The key to mitigating the spread of COVID-19 is early detection and quarantine. As many of us already know from the daily news cycle, the proliferation of the virus occurs when people, who look and feel healthy go about their daily lives spreading the virulent particles during the corona virus’ incubation period. With vaccines several months, possibly even years, away and the capacity for testing limited, what if the likelihood of illness could be determined by simply speaking into an app?
This machine-learning tool has the potential to detect impending illness with just the sound of your voice.
Tackling one of the world’s biggest challenges
Motivated to tackle one of the world’s most immediate and widespread challenges, Peter Tatkowski and Andrea Tulimiero – two talented Computer Science graduate students at ETH Zurich, who also happen to be roommates - teamed up to hack their way through this crisis in the recent HackZurich #CodeVsCOVID19 hackathon. This team set out to develop an open source tool that uses machine learning to output a probability that someone will become ill in the coming days, as well as, a framework for anonymously gathering consensual data samples.
Hearing anonymous voices
The platform they developed will host a comprehensive dataset for the scientific community to carry out research on early disease detection. Employing machine-learning techniques, their two-person team, “COVIDetector” created an app that gathers anonymized voice samples. The app assigns registered users a cryptographically random 32-byte encryption key to group samples anonymously to ensure data privacy and protection. While several voice-recognition software programs exist to detect disease, what makes this model different is its use of state-of-the-art voice analysis, its use of time series analysis for better classification, and its generalized approach.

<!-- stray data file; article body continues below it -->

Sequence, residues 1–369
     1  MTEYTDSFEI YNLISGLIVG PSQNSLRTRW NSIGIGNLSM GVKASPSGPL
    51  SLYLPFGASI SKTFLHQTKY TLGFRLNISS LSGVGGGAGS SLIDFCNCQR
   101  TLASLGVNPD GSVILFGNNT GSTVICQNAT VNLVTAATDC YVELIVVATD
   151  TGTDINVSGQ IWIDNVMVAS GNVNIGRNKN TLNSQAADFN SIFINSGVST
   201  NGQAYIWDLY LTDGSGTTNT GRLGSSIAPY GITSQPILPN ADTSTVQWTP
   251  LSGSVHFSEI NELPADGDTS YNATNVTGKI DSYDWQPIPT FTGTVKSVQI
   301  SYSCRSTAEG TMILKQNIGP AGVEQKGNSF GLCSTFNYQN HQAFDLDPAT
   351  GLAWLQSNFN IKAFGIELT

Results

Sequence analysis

Seeing the potential
The team anticipates that the model could apply to not only COVID-19 research, but also to research for other diseases. “I thought this idea really had potential, so I felt motivated by the fact that this product could really make a difference if it is deployed globally,” said Peter Tatkowski. Tatkowski currently focuses on machine learning as part of his Master’s thesis and put his knowledge into practical use during the hack. Andrea Tulimiero, who is writing a Master’s thesis in network security and a background as a full-stack web developer, also brought his talent to the table contributing to the data security and protection elements of the platform the team created in just the one-weekend-long hackathon.